“Apple and a cadre of other tech companies are fighting the European Union’s so-called ‘Cookie Law,’ lobbying the organization for more refined laws that aim to strike a balance between user privacy and data collected by providers,” Mike Wuerthele reports for AppleInsider.

“The filing, submitted just hours before a July 5 public comment deadline, states that a similar law, the General Data Protection Regulation (GDPR), should be the framework for ‘a comprehensive set of horizontal rules ensuring high levels of data protection’ for citizens of the EU,” Wuerthele reports. “The parties would prefer the GDPR over expansion of the widely criticized ePrivacy Directive.”

“The industry group is seeking as yet unspecified ‘appropriate legal instruments’ rather than continuation of the wide-reaching ePrivacy Directive,” Wuerthele reports. “The coalition includes Apple, Amazon, BT, Blackberry, Dropbox, eBay, Facebook, Fastnet, Foursquare, Google, Huawei, LinkedIn, Microsoft, Netflix, Orange, Paypal, T-Mobile, TalkTalk, Telefonica, Three, and Vodafone.”

Read more in the full article here.

MacDailyNews Note: The tech and telecom industries’ full statement, verbatim:

The tech and telecom industries call for the e-Privacy Directive to be repealed. We believe that simplifying and streamlining regulation will benefit consumers by ensuring they are provided with a simple, consistent and meaningful set of rules designed to protect their personal data.

At the same time, it will encourage innovation across the digital value chain and drive new growth and social opportunities. This is critical at a time when digital companies are striving to launch new innovative services and working to build a 5G Europe.

In this context, we believe that the review process of the e-Privacy Directive offers a unique opportunity to achieve a simple, clear and horizontal approach to digital regulation. Sector-specific rules on privacy are no longer able to address the challenges of the digital age.

For this reason, we believe that Europe should fully take stock of the General Data Protection Regulation (GDPR), which creates a comprehensive set of horizontal rules ensuring high levels of data protection.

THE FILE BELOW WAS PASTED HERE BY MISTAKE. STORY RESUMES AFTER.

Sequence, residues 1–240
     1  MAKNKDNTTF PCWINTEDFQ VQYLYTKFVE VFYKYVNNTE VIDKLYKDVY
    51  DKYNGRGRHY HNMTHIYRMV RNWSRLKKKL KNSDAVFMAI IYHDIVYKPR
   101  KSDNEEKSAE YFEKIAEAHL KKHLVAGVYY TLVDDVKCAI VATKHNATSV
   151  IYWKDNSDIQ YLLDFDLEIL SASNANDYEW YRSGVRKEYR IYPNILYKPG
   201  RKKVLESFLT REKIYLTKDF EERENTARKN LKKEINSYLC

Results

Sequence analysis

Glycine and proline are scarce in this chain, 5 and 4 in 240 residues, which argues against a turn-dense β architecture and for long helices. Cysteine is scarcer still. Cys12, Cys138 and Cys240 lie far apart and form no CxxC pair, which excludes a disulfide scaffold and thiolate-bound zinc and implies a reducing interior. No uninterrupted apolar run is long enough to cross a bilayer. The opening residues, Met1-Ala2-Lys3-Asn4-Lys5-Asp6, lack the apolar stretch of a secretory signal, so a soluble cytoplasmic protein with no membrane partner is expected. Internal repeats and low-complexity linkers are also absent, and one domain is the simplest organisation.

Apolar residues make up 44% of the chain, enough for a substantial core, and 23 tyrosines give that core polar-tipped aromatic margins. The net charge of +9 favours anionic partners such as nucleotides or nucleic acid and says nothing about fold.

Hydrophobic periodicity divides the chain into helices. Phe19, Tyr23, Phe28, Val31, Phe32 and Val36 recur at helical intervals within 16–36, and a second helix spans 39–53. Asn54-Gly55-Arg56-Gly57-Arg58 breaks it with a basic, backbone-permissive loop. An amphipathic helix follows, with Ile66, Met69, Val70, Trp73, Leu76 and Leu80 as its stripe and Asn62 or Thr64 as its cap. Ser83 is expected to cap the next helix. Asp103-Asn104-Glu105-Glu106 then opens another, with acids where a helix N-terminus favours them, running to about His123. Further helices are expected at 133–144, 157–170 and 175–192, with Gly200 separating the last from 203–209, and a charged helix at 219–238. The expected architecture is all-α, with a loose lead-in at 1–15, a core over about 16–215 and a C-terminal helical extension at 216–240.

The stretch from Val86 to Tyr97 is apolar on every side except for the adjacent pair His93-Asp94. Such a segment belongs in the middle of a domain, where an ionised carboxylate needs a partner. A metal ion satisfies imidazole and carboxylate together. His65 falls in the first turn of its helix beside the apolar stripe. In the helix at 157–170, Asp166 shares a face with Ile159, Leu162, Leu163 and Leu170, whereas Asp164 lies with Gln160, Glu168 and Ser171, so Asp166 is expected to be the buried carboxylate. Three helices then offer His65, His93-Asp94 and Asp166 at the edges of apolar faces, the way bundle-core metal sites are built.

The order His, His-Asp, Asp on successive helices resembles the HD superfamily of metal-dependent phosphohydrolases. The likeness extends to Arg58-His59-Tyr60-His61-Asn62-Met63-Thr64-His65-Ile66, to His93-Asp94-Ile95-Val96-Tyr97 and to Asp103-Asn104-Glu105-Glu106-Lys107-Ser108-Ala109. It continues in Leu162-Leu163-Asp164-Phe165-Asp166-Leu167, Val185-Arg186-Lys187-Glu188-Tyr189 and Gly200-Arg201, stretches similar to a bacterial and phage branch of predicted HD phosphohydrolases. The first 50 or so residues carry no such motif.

During the review of the e-Privacy directive, we believe that the EU should:

• Carefully evaluate the extent to which the e-Privacy Directive is still necessary and meaningful;

• Eliminate any provisions that are overlapping with the GDPR;

• If still considered necessary, transfer non-privacy related consumer protection provisions, to more appropriate legal instruments; the on-going review of consumer protection rules, and more specifically of the Telecoms Framework, provides opportunities for streamlining legislation;

• Align the relative timing of the e-Privacy and Telecoms Framework reviews;

• Make sure that the review of the e-Privacy Directive is fully aligned with the GDPR.

Such an approach would also be in line with the Digital Single Market Strategy and would help achieve further concrete steps in the context of the Commission’s REFIT programme.

We believe that the above-mentioned steps would maximise the consistency of the rules, increase clarity for consumers and help Europe unlock new innovation opportunities across the digital value chain.

About the GSMA
The GSMA represents the interests of mobile operators worldwide, uniting nearly 800 operators with almost 300 companies in the broader mobile ecosystem, including handset and device makers, software companies, equipment providers and internet companies, as well as organisations in adjacent industry sectors. The GSMA also produces industry-leading events such as Mobile World Congress, Mobile World Congress Shanghai and the Mobile 360 Series conferences.

Source: GSMA